Orientation

Sets the scene: where and when the story happened and introduces the participants of the story: who and what is involved in the story.

Complication

Tells the beginning of the problems which leads to the crisis (climax) of the main participants.

Resolution

The problem (the crisis) is resolved, either in a happy ending or in a sad (tragic)ending

Re-orientation/Coda

This is a closing remark to the story and it is optional. It consists of a moral lesson, advice or teaching from the writer

Language features: a. A narrative focuses on specific participants. b. There are many action verbs, verbal and mental processes c. Direct and indirect speeches are often used d. It usually uses Past Tense e. Linking words are used, related with time f. There are sometimes some dialog and the tense can change g. Descriptive language is used to create listeners or readers imagination h. Temporal conjunctions are also used.

Q: Can due to and because of be used interchangeably? A: No. Due to is used to modify nouns only. Because of is used to modify verbs. Thus, these two expressions cannot be used interchangeably.

What is Due To Used for?


The expression due to can only be used to modify nouns. Thus, you cannot use this expression to present reason for an action in the clause.

In sentence 1, use of due to is incorrect because it is used to explain why it is cold. In other words, it is used to explain the reason behind the verb or action in the clause. This is not idiomatically correct

In sentence 2, use of due to is correct because it is used to explain the reason behind the cold wave. In other words, it is used to explain the reason behind the noun. This is idiomatically correct. Due to is correct if the sentence makes sense when you replace due to with caused by. If, it does not, then use of due to is not correct.

Here when due to is replaced with caused by, the sentence does not make sense. This check also proves that usage of due to is incorrect.

Here when due to is replaced with caused by, the sentence makes complete sense. This check proves that usage of due to is correct.

What is Because of used for?


The expression because of is used to modify entire clauses. Thus, you can use this expression to present reason for an action in the clause. Sentence 1 above can be corrected by replacing due to with because of. Now because of modifies the clause presenting the reason why it is cold in Arizona.

What are correct and incorrect usages of Due to, Caused by,& Because of?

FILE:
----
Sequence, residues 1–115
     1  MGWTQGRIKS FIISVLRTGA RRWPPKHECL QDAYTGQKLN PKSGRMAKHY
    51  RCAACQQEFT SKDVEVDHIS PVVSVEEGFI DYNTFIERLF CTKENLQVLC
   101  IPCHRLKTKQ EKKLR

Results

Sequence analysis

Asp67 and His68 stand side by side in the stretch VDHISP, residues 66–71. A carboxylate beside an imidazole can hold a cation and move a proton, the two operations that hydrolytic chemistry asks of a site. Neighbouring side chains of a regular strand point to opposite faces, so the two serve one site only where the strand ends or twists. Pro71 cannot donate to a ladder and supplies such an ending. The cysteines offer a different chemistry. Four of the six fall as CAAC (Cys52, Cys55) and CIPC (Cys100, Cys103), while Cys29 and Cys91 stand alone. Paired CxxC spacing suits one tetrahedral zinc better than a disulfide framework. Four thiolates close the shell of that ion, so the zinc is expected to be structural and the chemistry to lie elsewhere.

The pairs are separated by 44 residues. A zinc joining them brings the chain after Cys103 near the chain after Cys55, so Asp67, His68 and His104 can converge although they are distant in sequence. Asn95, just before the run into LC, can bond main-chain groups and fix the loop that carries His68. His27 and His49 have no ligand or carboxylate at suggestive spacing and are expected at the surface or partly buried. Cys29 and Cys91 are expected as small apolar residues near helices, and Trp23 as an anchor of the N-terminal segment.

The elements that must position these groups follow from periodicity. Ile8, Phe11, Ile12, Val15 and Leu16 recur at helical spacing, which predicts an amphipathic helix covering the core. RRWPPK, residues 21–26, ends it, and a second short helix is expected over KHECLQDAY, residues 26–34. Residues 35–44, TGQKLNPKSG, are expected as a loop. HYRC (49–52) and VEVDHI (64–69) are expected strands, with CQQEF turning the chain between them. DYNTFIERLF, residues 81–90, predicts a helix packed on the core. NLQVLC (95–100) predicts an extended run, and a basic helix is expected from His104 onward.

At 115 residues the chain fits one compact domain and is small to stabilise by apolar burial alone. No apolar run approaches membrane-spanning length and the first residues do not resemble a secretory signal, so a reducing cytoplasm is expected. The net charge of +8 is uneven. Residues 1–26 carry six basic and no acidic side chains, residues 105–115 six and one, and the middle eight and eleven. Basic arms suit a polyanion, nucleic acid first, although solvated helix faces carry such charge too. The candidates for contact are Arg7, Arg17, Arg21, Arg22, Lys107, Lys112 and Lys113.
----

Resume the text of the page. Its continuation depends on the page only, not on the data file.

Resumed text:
The parent-teacher meeting was canceled due to heavy rains. INCORRECT Due to modifies the action in the preceding clause and hence is not used correctly. The parent-teacher meeting was canceled caused by heavy rains. INCORRECT Note how when due to is replaced with caused by, the sentence no longer makes sense.

The parent-teacher meeting was canceled because of heavy rains. CORRECT because of modifies the action in preceding clause, indicating why the meeting was canceled.

The cancellation of parent-teacher meeting was due to heavy rains. CORRECT Due to modifies the noun cancellation.

The cancellation of parent-teacher meeting was caused by heavy rains.- CORRECT Note how when due to is replaced with caused by, the sentence makes complete sense.

Explanation text
An explanation text explains the processes involved in the formation or workings of natural or non-natural/ sociocultural phenomena. In addition, an explanation text gives you a step by step explanation. The explanation sequence contains a sequenced explanation of why or how something occurs. This explanation is written in paragraphs. The concept of an explanation text: Purpose: To explain the processes involved in the formation and working of natural or socio cultural phenomena
Text Organization/ structure: 1. A general statement to position the reader (introductory

paragraph) 2. A sequenced explanation of why or how something occurs 3. Closing or concluding

statement/ paragraph (optional) Language Features: Focus on generic, non-human participants The use of general and abstract nouns The use of action verbs The use of simple present tense The use of passive voice The use of conjunctions of time and cause The use of noun phrases The use of complex sentences The use of technical language

Correlative conjunction is a paired conjunction (such as not only . . . but also) that links balanced words, phrases, and clauses. The examples of correlative conjunction are: Both and Either ..or Neither .. nor Not only but also Whether ..or

-She can both speak and write Japanese.

- Both my sister and my brother play the piano. - Im going to buy either a camera or a CD player with the money. - Either she goes or I go. - Shakespeare was not only a writer but also an actor. - He not only read the book, but also remembered what he had read. - He is neither rich nor famous. - Neither Toms mother nor his father spoke English. - Whether you win this race or lose it doesn't matter as long as you do your best. - She was uncertain whether to stay or leave. - I didnt know whether to believe him or not.

PROVERB